As I begin this account of our extraordinary time in Hawaii it is now January of 2008. Our 10 days spent on the Big Island and Kauai in 2004 marked the culmination of our three month Journey to Sacred Sites that spanned the globe. Rather than an ending, the Journey actually created in us a thirst to see even more of the world’s special, powerful and most and revered places. We have since had the joyful opportunity to travel the world to many more Sacred Sites, where we have been blessed to continue our Water Healing Rituals.
Our initial experiences in Hawaii so impressed and pleased us, and our dolphin encounters were so magical and thrilling that we are soon to go back for the fifth time. I realize that it is time to finish this chronicle of our three month trip now because I am ready to fully integrate many aspects of the energies and initiations that blessed me during our Journey. All roads have led to healing “allways”. It has been an amazing, Spirit-filled miracle, and our last day in Kauai was so astounding that it still causes me to wonder if it really happened, and, if so, to question what dimension were we in!
We arrived in Kona from Australia after a harrowing ordeal that spanned nearly a day. Lost luggage, disabled aircraft, redirected flights and missed connections did not deter our enthusiasm, however, for our first chance to experience close encounters with wild dolphins. Our travails were instantly rewarded in one brief moment as we caught our first glimpse of the islands from the sky and were blessed to see a huge whale spout below us! A glorious rainbow arched above the deep blue white caps far beneath us. We landed in Honolulu with a sense of wonder and awakening, and then took our last flight of the day, our connecting flight to the Big Isle. We wearily arrived at our lodging very late at night; and crept into our bedroom at the home of Sheoli, the owner of a spirit-based Dolphin Retreat business.
After a good nights sleep, we were open to the adventure of our day. The Big Island welcomed us with aloha and graciousness. It seemed that every square inch of the Island sprouted with abundant life; there were fragrant flowers and tropical birds and trees that dripped with fruit in all directions, save for the scattered black and barren areas that were blanketed with the Isle's newest lava. We eagerly went to “Two Step Bay” to have some snorkel practice. Two Step is the local’s name for Hounaunau Bay, and it is also known as the Place of Refuge. In ancient times, accused criminals in Hawaii came to this location to escape death. And from what I have read of Hawaii’s history, it didn’t take much to make you a criminal! Many seemingly arbitrary taboos existed, and the only hope for an accused person was to flee to a place of refuge to be purified by a Kahuna. Many islanders were absolved and thereby escaped execution at such sites. A park exists on the sacred shore today.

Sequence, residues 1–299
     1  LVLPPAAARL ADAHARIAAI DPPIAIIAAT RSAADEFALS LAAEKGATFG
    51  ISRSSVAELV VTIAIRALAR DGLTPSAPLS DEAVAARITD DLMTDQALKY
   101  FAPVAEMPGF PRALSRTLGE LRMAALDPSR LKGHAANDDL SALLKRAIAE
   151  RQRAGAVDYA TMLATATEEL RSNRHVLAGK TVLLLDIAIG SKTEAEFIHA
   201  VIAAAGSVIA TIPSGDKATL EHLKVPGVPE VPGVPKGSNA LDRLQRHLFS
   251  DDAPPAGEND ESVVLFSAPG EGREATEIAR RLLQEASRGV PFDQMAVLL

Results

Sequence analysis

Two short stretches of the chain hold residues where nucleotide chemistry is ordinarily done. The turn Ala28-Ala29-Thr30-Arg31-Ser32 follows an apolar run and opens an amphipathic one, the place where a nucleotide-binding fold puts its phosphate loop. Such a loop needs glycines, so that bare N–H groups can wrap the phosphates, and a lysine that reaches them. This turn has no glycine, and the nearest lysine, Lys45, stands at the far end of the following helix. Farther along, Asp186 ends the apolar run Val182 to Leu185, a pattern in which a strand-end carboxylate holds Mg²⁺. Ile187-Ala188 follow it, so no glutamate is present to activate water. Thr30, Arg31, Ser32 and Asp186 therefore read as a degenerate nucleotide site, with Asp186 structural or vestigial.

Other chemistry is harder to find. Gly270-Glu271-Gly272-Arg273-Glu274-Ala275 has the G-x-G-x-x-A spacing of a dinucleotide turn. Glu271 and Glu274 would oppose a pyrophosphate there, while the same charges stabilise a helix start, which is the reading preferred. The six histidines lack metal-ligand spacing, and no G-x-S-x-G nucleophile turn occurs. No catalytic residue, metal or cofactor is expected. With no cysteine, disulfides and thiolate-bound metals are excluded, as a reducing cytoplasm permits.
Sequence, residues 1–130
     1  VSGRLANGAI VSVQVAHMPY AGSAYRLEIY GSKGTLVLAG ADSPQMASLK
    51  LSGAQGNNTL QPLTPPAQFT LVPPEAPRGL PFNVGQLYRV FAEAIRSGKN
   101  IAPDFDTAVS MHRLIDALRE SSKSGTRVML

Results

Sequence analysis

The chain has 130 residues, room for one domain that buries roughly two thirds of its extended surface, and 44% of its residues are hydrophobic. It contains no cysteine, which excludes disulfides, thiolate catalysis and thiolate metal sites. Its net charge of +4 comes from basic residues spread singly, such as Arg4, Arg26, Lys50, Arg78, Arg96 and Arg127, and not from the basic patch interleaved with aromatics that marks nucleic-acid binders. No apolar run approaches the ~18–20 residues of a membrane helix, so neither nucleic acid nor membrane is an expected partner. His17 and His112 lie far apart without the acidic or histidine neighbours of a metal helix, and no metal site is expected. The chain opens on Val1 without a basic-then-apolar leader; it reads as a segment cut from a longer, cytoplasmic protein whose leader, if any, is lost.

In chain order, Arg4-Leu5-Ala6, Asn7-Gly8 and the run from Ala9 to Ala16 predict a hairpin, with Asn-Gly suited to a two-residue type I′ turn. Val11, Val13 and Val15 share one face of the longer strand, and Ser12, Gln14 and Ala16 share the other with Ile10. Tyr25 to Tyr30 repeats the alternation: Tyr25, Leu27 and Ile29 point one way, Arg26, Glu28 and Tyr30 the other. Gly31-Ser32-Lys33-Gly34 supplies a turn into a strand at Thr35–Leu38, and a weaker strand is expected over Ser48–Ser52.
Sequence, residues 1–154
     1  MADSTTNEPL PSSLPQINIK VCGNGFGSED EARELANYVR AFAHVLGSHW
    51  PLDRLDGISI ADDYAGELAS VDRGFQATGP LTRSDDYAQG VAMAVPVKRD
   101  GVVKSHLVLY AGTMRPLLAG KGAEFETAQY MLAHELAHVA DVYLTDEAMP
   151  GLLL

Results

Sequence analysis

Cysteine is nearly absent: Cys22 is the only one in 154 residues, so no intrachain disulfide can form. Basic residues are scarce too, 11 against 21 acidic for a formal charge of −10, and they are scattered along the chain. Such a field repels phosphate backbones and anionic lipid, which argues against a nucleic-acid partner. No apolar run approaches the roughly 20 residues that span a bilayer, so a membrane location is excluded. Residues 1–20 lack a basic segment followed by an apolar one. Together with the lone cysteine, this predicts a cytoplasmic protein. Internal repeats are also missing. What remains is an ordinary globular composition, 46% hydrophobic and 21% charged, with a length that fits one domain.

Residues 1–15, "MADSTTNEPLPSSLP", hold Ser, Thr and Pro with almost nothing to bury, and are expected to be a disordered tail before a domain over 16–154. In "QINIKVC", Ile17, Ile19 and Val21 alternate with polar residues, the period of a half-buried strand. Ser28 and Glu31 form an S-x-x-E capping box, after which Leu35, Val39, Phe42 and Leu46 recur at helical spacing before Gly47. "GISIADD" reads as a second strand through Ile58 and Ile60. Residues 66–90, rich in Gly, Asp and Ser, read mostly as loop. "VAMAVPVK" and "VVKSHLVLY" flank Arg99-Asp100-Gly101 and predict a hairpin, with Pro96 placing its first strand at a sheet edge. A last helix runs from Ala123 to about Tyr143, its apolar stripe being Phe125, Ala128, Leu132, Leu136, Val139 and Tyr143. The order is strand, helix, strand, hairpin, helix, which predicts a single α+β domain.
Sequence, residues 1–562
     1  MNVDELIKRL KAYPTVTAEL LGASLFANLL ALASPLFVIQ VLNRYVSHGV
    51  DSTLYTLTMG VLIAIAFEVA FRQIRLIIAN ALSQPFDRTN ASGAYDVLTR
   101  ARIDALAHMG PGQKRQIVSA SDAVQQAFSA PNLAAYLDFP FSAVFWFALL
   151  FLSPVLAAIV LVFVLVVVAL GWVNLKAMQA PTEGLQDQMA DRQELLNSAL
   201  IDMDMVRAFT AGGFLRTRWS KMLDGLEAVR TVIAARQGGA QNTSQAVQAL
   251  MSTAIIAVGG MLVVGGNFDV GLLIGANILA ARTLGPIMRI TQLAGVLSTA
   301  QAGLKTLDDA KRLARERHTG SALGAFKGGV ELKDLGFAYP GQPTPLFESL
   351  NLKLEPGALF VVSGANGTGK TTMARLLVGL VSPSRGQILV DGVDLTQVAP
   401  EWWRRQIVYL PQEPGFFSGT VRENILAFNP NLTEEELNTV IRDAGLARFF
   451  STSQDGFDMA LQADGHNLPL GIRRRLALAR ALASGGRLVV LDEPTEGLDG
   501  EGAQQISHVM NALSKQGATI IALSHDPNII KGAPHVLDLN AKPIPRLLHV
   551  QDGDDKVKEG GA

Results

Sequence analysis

HAWAII: CONFIDENT DIVER DAN
The most common entry point into the water at the bay is by two natural lava steps that give the site its name. The preferred technique is to sit on the lowest step and slide into the water as it swells up above your waist with the ocean’s currents. The most difficult thing for me was maneuvering to the steps without my glasses over rough lava with my snorkel gear in my hand. Tiny holes in the lava provide a home for even tinier sea urchins, and one has to keep one’s hands flat on the surface of the steps to avoid getting stung. They left me a bit worried as I sat on them to put on my mask and fins, and I did actually feel the slightest sting right through my suit on my cheeks. Although I am a very confident swimmer, I felt very nervous during this endeavor. It felt quite awkward, but I made it in eventually.
The water at Two Step Bay was cold enough to take my breath away. I entered it rather quickly in time to one of the surges of water up the steps, though my usual way to get into cold water is one toe at a time. I made the mistake of getting in with my snorkel in my mouth, so I was unable to breathe at first as my breath was quite shallow and very rapid. I was more panting than breathing. I felt paralyzed: I couldn’t move in the water for the first few minutes and barely tred water well enough to stay afloat. It was very unnerving. As my breathing finally normalized I regained my composure and started to relax a bit. My initial incompetence in the water, in light of my history as an avid swimmer if only occasional snorkeler, was a bit shocking.
Dan had never snorkeled before but took to it immediately. His small body has little natural insulation like some of us have, so he cannot be in chilly water for long. He wore a full wet suit and managed well with it. I only had a thin beach shirt to protect me from the water’s coolness, and I prefer really warm water when I swim. Once my body finally adjusted to the water temperature and my comfort increased I looked through my mask and again felt my breath catch. This time the impetus for my shallow breathing was not fear, but my total awe at the variety of underwater creatures that were literally everywhere that my eye could see. I instantly connected to the abundant and beautifully colored sea life that swarmed around us. I was home. next page>>